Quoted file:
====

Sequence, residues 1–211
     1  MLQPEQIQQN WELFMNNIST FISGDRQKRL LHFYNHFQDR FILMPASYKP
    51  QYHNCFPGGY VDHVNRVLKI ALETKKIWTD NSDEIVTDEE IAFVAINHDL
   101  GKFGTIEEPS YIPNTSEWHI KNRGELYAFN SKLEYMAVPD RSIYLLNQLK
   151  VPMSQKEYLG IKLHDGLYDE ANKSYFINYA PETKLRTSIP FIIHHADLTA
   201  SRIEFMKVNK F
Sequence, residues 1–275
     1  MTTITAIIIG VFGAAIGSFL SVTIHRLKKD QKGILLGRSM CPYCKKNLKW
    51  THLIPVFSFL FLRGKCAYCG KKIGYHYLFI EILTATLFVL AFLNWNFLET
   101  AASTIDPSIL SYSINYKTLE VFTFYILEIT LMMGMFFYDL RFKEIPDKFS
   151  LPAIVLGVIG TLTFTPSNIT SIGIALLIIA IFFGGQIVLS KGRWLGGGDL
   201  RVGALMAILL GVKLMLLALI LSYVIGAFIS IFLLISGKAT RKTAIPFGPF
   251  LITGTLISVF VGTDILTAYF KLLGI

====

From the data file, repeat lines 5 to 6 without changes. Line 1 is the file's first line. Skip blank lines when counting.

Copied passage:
   151  VPMSQKEYLG IKLHDGLYDE ANKSYFINYA PETKLRTSIP FIIHHADLTA
   201  SRIEFMKVNK F